Third, the Mount Sinai COVID-19 panel comprised serum (n = 12) and plasma samples from individuals with severe, mild or asymptomatic SARS-CoV-2 infections (see Supplementary Table 1). Seven paired serum and plasma samples from patients with COVID-19 were used for comparison purposes. These samples were collected between 7 and 30 d post-symptom onset. These samples were collected from participants enrolled in an ongoing Institutional Review Board-approved study of the Mount Sinai Personalized Virology Initiative.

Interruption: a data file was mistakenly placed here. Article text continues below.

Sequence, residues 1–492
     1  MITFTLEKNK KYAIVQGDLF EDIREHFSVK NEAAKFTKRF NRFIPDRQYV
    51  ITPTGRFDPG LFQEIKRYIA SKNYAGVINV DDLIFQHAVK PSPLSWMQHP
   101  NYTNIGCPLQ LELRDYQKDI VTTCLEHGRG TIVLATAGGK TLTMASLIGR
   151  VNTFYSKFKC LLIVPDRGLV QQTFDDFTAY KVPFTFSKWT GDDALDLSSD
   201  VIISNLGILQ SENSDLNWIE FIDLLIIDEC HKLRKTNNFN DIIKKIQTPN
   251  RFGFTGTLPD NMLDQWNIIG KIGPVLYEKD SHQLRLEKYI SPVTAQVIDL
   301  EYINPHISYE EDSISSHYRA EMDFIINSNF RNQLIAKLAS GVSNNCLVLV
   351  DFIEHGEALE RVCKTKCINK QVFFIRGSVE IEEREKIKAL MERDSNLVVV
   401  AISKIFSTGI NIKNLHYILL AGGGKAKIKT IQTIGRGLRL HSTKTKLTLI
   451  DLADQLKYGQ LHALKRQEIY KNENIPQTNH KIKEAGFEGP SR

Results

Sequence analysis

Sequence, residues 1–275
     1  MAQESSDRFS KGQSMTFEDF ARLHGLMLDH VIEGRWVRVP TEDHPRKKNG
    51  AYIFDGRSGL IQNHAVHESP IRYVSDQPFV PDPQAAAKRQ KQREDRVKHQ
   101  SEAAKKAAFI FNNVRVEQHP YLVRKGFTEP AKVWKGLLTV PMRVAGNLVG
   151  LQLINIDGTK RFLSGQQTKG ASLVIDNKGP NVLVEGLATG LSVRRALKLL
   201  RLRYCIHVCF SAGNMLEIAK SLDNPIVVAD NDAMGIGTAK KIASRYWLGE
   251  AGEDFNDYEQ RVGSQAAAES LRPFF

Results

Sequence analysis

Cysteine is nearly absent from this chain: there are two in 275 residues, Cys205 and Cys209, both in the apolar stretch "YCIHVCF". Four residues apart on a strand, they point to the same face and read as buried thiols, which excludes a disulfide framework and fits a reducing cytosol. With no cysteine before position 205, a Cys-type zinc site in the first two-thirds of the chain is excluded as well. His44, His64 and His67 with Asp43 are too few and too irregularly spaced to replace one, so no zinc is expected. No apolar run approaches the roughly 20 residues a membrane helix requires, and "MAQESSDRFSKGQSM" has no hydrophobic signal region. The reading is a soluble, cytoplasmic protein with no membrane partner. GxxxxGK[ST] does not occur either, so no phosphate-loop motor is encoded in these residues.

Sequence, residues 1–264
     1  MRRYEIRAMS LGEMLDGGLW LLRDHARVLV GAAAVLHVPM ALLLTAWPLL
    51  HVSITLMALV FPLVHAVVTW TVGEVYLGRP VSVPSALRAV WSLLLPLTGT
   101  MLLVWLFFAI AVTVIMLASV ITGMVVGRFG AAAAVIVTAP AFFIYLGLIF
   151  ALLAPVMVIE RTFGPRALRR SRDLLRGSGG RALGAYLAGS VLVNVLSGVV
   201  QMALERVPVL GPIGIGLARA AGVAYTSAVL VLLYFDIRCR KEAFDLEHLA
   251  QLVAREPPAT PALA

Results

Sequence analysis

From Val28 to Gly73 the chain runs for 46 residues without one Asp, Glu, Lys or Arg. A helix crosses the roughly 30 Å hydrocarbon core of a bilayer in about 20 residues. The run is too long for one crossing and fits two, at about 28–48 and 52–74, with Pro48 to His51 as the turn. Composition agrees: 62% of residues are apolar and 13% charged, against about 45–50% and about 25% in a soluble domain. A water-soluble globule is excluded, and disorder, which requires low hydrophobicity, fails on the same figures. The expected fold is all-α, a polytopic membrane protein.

The following NHIG preparations, each prepared from >1,000 blood or plasma donors and intended for intravenous use for medical conditions, were tested in an ELISA to determine whether they had reactivity against SARS-CoV-2 spike or RBD: Octagam (M934A8541); Gamunex-c (B2GMD00943, A1GLD01882, B3GLD01223, A1GLD01902, B2GLD01972, B3GGD00143 and A1GKE00012 (two different vials) and B2GKD00863 and B2GJE00033 (three different vials)); Gammagard Liquid (LE12T292AB, LE12V238AB and LE12V278AD); Gammagard S/D (LE08V027AB (four different vials)); and Gammagard Liquid (C19G080AAA, LE12V071AD, LE12V230AB, LE12V115AC, LE12V205AB, LE12VE25AB and LE12V115AC).